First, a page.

A tipster tells us that Rachel Syme, culture editor at Tina Brown's Daily Beast, has sent the "world's worst email" in an attempt to get free research for an article she's writing. Let's read it!

Our tipster writes, by way of preface:

So I recently got this from a freelancer who now works at the Daily Beast. Believe it or not it is actually the most insidious and annoying email ever. Though it may not seem so prima facie, it in fact contains everything that is wrong with journalism and a particular type of freelance journalist. Where the source of the shittiness is unclear, I've annotated. Feel free to post but do not, per favore, use my name.

Bile, with footnotes! We love it. Syme is 25 and has a Tumblr, if that helps paint the picture. Syme's offending email:

From: Rachel Syme

Date: Wed, Feb 18, 2009 at 5:11 PM

Subject: Know anyone who has moved away?

Hi all,

Doing some canvassing for a story I am working on for a magazine [1] (if you want to know which one, I'll tell you when you e-mail me).[2] In any case, it's a very respectable one. [3] Working on a piece about New Yorkers who, despite being tried and true, have left the city due to downsizing of their jobs or hopes...but intend to come back. People who are taking advantage of the recession and down mood around these parts to pursue a longtime passion elsewhere, and then bring it all back home at some point. [4] Do you know anyone?

Let me know asap. [5] Feel free to pass this along to someone who might know someone as well. Looking especially for people who have left the finance sector to do this.[6]

And hello. [7]


And the promised footnotes!

1. Elision of the first person singular. Though Ms. Syme has taken the time to write this email and send it to hundreds of her contacts, she hasn't the time to start sentences with I. This stems either from the baseline assumption that of course she means I because everything is about her anyway or from insisting on a false sense of urgency and drama, because writing I is simply too time consuming. Related: False Amity.

2. Unnecessary Secrecy. Including this as a parenthetical aside, Ms. Syme infuriatingly presupposes the following: The reader of said email, who is being asked for a favor by Ms. Syme, wants to know badly exactly who she is writing for (as opposed to not caring). That though Ms. Syme won't share this information with hoi polloi, you will care deeply enough to email her to find out. Related: Universal Secrecy, the annoying habit of telling every friend, colleagues or acquaintance information of a personal nature and swearing each in turn to secrecy, often preceded by "Totally OTR."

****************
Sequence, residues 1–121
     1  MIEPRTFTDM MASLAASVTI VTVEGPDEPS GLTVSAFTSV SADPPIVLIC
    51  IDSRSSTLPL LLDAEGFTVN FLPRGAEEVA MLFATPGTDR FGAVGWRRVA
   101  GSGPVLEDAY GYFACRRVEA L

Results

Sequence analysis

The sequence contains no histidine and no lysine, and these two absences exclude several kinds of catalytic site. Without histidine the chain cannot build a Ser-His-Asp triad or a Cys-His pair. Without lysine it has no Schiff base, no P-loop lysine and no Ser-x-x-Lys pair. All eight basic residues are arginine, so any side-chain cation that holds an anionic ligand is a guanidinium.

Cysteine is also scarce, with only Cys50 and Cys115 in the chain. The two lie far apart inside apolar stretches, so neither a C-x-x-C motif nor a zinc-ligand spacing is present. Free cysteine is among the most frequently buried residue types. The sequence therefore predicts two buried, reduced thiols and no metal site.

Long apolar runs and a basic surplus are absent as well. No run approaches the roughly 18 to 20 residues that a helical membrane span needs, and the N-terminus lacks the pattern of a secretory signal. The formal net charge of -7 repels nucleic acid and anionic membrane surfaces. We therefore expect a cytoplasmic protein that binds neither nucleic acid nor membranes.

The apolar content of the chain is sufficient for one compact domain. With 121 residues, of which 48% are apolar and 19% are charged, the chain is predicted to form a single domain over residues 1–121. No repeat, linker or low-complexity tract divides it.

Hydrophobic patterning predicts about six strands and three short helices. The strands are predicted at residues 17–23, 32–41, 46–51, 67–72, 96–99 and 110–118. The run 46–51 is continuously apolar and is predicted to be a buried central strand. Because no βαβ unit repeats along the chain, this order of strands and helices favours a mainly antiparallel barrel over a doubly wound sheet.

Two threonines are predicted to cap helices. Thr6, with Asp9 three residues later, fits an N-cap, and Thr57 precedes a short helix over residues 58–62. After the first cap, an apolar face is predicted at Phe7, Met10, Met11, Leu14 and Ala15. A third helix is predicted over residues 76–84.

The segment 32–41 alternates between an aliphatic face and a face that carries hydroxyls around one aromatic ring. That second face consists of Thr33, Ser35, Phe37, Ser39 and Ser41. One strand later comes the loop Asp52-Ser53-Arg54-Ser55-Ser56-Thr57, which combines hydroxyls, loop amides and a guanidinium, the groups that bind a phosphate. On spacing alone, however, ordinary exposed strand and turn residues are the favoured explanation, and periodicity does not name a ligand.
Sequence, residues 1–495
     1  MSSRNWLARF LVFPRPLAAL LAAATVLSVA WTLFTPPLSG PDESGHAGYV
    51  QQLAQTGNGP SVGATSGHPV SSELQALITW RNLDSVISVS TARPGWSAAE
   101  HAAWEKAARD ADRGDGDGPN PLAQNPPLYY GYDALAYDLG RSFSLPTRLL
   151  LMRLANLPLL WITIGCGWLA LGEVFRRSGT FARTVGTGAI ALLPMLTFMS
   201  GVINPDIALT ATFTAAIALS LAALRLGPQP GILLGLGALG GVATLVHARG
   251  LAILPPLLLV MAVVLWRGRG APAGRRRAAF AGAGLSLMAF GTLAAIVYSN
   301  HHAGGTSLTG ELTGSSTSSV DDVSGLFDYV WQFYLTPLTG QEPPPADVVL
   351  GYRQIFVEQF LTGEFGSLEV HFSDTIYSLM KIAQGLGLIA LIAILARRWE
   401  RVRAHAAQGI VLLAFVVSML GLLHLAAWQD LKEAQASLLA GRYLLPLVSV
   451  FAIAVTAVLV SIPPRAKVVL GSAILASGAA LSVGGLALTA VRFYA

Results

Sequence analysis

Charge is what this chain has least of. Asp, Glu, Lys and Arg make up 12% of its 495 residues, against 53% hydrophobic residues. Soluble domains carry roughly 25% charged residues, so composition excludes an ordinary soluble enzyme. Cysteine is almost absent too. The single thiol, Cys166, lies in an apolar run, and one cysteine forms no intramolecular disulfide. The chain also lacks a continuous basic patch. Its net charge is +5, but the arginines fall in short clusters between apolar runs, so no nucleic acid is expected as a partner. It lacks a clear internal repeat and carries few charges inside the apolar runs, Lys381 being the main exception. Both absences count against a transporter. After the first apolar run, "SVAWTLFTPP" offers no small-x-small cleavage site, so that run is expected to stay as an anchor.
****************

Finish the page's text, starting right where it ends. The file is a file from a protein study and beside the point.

3. Insecure Vainglory. But even though she can't tell you exactly which magazine it is, rest assured, it's better than the one you are writing for.

4. Offensively Clichéd Story. All this is a preface to a request for sources for perhaps the most clichéd and already written recession story ever. There's only one thing worse that receiving these sorts of emails for good stories you wish you had thought of. That's receiving these emails about bad stories, you've already thought of, realized have been written elsewhere and that, out of pride and professionalism, you've spiked.

5. Urgency Shift. Ms. Syme, no doubt late in beginning her research [OMG, Fashion Week!] would like you, dear reader, to drop what you're doing and respond as soon as possible. We're on deadline here people!

6. See point 4.

7. False Amity. Ms. Syme, with 841 Facebook friends, is not just a professional contact, she'd like you to know. She's also your friend. Even if the only moments of contact come in a request for sources or of personal crisis. Also presupposes, you'd be deeply hurt if she didn't say hello.

(Photo by Nikola Tamindzic)